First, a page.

God at War, by Gregory Boyd (part 5)
I mentioned in a previous post about an elderly gentleman at my church who objected to the song line 'Among the gods there is none like you' as heretical without realising that this was a quotation from the Psalms! A lot of Christians do not realise that the Bible does refer to 'gods' who seem to be real beings. These gods are the subject of chapter four of God at War. The thesis of this chapter is that the Old Testament presents Yahweh as engaged in a war against disobedient and rebellous heavenly beings. While this is a genuine struggle, it does not compromise Yahweh's sovereign supremacy over all.
Boyd begins by affirming that the Hebrews believed that, contrary to their neighbours, there was only one creator God. However, they did not deny the existence of lesser spiritual beings of great power, who have come to be known as angels. Controversially, Boyd argues that these beings were referred to on occasions as gods in biblical literature. Boyd argues that some texts present Yahweh as being surrounded by an heavenly council of gods (Jer 23:18, 22. Is 6:2-8). Furthermore, Boyd cites many references in the Psalms to plural gods. He writes:
In any case, the remainder of the Old Testament exhibits no reservation in acknowledging the existence of gods outside Yahweh and of the gods who form his heavenly council. But even here Yahweh's supremacy is at the forefront of their thoughts. Hence he first commandment reads, "You shall have no other gods before me" (Ex 20:3). The existence of other gods is presupposed, but they are are subordinate to the one who alone is the Lord God Almighty.
Boyd points out that this notion can also be found in the writings of Paul. He wrote that there are "many God's and many Lord's" (1 Cor 8:4), though there is only one Lord Jesus Christ(verse 6).
Boyd refers to Judges 11 and Jephath's discourse with the Ammonite king. He argues that this discourse presupposes the existence of the god Chemosh. He also argues this is the case in 2 Kings 3:26-27. Boyd draws out the implications of this idea:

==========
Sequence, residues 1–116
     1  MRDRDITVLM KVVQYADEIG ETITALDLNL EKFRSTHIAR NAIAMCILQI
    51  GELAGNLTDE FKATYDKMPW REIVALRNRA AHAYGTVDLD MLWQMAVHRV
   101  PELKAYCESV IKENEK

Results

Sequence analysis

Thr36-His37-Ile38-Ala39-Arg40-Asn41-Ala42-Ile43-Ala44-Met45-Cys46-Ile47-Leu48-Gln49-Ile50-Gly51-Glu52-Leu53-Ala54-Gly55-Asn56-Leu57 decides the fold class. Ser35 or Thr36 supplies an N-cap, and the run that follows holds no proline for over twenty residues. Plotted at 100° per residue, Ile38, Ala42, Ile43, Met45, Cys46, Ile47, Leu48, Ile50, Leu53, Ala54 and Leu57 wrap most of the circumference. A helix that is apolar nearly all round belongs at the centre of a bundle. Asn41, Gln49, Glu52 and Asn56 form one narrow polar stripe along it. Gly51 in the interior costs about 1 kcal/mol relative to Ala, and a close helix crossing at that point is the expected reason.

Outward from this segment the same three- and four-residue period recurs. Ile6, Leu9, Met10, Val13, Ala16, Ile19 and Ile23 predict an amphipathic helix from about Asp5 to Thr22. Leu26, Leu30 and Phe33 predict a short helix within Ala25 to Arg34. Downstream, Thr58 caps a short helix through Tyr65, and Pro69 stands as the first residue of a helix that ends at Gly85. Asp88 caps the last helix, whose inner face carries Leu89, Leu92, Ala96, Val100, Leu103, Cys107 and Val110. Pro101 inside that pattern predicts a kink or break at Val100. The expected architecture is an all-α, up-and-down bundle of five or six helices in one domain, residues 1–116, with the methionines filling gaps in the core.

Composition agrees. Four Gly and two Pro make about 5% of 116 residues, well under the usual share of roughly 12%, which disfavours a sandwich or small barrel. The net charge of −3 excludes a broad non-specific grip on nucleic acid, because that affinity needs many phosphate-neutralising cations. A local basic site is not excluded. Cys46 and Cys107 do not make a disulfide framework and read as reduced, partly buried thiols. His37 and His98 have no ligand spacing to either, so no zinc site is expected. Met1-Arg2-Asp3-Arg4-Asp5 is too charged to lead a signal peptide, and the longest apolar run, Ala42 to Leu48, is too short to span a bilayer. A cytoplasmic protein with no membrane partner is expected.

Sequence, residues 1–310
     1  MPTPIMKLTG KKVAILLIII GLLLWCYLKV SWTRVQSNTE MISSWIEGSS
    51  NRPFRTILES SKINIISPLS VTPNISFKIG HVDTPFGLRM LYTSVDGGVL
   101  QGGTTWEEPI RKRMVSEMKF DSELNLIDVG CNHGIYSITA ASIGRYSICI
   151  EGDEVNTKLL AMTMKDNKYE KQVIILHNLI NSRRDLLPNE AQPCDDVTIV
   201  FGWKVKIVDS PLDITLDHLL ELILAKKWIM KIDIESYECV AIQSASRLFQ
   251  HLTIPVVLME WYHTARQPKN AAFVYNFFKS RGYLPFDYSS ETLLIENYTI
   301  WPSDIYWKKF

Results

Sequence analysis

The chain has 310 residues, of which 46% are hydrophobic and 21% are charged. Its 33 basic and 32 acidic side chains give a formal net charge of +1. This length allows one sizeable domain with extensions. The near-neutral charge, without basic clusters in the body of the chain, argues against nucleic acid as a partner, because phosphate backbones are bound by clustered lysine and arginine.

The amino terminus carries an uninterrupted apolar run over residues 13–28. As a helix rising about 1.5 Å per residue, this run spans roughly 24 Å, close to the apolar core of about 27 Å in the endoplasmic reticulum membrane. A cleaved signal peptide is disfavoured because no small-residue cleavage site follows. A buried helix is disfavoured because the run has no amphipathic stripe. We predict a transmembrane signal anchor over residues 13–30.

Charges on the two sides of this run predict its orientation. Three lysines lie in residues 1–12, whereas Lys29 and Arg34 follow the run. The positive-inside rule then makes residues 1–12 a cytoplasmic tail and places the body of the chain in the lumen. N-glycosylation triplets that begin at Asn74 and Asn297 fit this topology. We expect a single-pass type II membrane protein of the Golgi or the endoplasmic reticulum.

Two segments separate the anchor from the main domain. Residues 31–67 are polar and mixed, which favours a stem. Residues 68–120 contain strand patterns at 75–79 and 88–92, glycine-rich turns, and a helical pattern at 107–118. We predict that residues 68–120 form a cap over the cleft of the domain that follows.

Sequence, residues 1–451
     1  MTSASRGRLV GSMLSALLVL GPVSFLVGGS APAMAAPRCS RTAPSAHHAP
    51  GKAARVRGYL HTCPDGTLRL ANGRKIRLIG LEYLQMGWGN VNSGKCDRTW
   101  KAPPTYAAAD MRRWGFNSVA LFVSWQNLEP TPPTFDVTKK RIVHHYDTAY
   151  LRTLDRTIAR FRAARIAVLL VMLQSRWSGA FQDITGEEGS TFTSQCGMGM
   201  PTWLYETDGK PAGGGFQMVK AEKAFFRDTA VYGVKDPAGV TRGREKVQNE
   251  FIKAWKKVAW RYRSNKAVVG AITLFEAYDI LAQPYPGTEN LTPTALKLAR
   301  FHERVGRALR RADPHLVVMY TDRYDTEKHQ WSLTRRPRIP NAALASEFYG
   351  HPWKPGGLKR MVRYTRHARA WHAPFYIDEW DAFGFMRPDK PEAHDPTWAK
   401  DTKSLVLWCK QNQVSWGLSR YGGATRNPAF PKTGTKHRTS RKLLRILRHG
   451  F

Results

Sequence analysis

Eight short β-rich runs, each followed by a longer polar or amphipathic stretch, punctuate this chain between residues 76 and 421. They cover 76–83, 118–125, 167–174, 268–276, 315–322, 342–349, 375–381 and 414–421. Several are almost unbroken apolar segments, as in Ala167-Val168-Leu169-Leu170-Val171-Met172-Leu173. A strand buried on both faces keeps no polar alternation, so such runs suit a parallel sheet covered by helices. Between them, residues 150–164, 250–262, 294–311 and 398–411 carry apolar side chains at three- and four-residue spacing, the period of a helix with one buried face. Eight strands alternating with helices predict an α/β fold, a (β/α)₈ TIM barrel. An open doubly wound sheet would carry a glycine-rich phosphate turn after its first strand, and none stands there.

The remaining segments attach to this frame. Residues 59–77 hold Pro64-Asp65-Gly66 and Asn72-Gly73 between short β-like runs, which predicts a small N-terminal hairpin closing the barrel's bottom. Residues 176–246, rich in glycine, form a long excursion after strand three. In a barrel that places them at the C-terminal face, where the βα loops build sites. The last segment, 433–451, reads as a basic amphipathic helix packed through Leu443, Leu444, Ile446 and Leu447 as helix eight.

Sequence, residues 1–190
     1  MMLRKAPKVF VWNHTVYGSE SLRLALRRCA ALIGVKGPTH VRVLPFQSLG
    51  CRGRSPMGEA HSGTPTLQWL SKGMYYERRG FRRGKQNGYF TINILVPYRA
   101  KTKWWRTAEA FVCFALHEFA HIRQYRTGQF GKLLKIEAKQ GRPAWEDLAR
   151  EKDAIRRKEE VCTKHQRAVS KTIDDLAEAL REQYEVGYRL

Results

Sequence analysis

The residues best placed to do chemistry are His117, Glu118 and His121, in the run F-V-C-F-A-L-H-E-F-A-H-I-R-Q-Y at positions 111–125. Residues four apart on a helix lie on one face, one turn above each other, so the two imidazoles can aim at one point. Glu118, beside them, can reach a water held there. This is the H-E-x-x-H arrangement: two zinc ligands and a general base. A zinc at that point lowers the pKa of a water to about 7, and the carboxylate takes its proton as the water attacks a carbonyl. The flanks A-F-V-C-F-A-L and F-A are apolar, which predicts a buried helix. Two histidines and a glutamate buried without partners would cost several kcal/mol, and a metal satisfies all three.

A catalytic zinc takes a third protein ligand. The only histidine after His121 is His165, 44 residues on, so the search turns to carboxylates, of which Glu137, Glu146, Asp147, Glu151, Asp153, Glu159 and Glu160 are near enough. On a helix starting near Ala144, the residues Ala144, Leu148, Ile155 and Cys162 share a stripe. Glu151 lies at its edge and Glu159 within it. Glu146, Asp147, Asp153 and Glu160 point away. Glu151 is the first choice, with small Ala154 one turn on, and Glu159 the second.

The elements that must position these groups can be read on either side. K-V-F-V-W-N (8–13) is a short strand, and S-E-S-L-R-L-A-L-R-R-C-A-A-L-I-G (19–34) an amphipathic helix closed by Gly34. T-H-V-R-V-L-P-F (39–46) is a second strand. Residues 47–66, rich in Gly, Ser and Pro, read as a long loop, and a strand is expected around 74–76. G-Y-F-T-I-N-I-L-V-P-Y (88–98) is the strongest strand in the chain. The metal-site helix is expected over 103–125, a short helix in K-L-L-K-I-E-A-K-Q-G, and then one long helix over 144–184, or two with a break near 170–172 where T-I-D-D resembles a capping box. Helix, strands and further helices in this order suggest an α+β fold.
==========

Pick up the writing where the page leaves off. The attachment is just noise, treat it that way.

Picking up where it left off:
The power of gods to assist or resist Yahweh in war, to hinder his answers to prayers, to inluence "natural" disasters, to inlict diseases on people, to deceive people and the like is assumed throughout the Bible. Yahweh is unquestionably understood to reign supreme over the whole cosmic society of spiritual and earthly beings, but this sovereingnty is never- even in Isaiah and Jeremiah- taken to imply either that he is the only divine being or that the other divine beings are mere extensions of his will.
God at War, p.118
Radically, Boyd describes the cosmos as a democracy. Free beings both earthly and celestial have a large degree of autonomy and the potential to resist God's purposes for the universe.
Boyd goes on to provide some discussion about what is meant by 'monotheism.' He concludes that the Scriptures teach creational monotheism, the view that all things have been created by one all-powerful God, but that the existence of lesser created gods is not ruled out. He provides some useful discussion about anthropological theories about the origins of polytheism and animism.
As regards the heavenly council of Yahweh, Boyd writes:
The centrality of this concept of the Lord as being surrounded by a council of gods is seen n the fact that one of the most frequent ascriptions of Yahweh is "the Lord of hosts." He is described as being revered by the multitudes of "holy ones" who "are around him" in his heavenly council (Ps 89:7), for it is he who "has taken his place in the divine council" and in the midst of the gods... holds judgment" (82:1).
God at War, p.131
Boyd sees further support for this heavenly council concept in the discourse between God and Satan before the 'sons of God' in the first chapter of Job.
The reality of heavenly warfare is developed further in the biblical literature through references to the army of the Lord, for instance, the vision of Elisha's servant (2 Kings 2:11). The Lord is engaged in warfare which entails actual battles between heavenly beings on His side and the side of the Enemy.